When Social Security was put in place in the 1930s, the retirement age for full benefits was set at 65. That number was picked for a good reason: the majority of workers—worn out by a lifetime of manual labor—didn’t live much beyond that age, on average.
Things are different today. The life expectancy of a woman age 65 is approaching 90. The fastest growing segment of the population is the 90-plus category. So does retirement at 65—or as early as 55, an age that was seen as the ideal by baby boomers just a few years ago—still make sense? Not to a growing number of Americans over age 65, says the American Association of Retired Persons. The latest AARP survey found that 5.1 million Americans older than age 65? about 14.8% of the workforce—were still earning a paycheck. That compares to 10% about 20 years ago. Participation in the workforce by retirement age Americans is expected to continue to rise. Last year about 45% of those surveyed who were between age 50 to 70 said they expected to work into their seventies or later, AARP says.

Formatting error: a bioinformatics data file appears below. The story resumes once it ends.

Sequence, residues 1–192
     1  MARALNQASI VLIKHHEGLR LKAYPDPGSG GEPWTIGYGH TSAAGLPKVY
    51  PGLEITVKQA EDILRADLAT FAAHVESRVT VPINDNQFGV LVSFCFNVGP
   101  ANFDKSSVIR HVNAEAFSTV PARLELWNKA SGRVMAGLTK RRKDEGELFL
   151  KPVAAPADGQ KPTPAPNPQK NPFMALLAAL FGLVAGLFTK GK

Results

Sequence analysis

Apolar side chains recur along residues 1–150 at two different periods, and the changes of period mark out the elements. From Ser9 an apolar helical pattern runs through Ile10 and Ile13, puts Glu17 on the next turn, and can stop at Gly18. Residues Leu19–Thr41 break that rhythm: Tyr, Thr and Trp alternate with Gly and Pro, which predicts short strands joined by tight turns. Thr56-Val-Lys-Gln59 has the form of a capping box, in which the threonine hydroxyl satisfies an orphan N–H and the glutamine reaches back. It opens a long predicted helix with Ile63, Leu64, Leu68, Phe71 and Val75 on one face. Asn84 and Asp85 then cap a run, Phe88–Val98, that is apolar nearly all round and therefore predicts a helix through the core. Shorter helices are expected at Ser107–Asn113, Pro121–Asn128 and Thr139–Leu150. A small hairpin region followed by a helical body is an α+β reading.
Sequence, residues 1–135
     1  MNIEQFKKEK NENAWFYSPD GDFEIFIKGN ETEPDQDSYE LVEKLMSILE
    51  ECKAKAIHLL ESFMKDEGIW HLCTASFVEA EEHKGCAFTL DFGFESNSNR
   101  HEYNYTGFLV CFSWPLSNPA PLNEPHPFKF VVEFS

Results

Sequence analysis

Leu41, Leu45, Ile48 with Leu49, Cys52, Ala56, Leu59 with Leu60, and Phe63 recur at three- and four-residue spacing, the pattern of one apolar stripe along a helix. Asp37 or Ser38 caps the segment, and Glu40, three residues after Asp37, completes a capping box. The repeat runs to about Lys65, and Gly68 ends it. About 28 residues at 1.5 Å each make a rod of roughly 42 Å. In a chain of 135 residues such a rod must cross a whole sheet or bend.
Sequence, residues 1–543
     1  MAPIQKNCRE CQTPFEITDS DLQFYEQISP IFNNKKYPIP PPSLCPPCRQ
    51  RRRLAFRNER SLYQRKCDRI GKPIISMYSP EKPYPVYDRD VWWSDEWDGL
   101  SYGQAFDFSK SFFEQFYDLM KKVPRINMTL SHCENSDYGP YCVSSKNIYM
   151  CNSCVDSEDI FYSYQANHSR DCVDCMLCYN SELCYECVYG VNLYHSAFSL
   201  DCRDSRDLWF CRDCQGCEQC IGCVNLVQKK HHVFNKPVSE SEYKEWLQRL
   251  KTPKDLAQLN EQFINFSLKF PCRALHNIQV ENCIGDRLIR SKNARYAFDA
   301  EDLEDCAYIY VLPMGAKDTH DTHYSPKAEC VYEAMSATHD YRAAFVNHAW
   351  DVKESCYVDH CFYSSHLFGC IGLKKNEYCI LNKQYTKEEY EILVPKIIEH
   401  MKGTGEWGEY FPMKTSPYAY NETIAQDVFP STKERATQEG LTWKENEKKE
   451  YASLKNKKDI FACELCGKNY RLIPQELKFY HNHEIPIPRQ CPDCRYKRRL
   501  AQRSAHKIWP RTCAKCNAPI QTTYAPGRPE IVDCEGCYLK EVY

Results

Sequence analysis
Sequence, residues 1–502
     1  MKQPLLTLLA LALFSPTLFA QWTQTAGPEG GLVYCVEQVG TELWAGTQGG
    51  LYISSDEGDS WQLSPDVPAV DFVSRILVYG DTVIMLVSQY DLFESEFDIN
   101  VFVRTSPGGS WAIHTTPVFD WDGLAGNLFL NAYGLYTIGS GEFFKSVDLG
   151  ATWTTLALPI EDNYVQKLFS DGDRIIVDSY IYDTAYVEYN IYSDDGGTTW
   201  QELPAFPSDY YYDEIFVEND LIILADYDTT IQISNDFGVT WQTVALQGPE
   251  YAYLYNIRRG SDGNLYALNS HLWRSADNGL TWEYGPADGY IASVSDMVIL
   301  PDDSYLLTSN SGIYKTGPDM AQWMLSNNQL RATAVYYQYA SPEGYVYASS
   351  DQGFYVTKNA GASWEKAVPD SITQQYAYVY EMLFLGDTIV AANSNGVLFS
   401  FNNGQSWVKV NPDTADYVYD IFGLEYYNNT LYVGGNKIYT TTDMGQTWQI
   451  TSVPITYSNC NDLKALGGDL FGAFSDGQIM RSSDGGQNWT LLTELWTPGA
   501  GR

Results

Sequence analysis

Welcome to the new retirement paradigm. For a variety of reasons, both personal and financial, a growing number of workers are continuing to show up at the office past normal retirement age. For some, the reason is financial: stingy pension plans and a lack of savings have forced them to continue earning a paycheck. For others it is a quality of life issue: the prospect of sitting on the front porch rocker for 25 or more years scares them.
These trends may seem hopeless to workers stuck in jobs they hate. In that case retirement experts recommend a number of strategies:
- Pay off debt as quickly as possible and cut expenses. It is much easier to support yourself in retirement without the drag of debt.
- Boost your saving until it hurts.
- Consider downsizing your home, or moving to a cheaper area.
- Consider changing careers or working for yourself.
- Plan on working part-time in a less stressful position after leaving your job.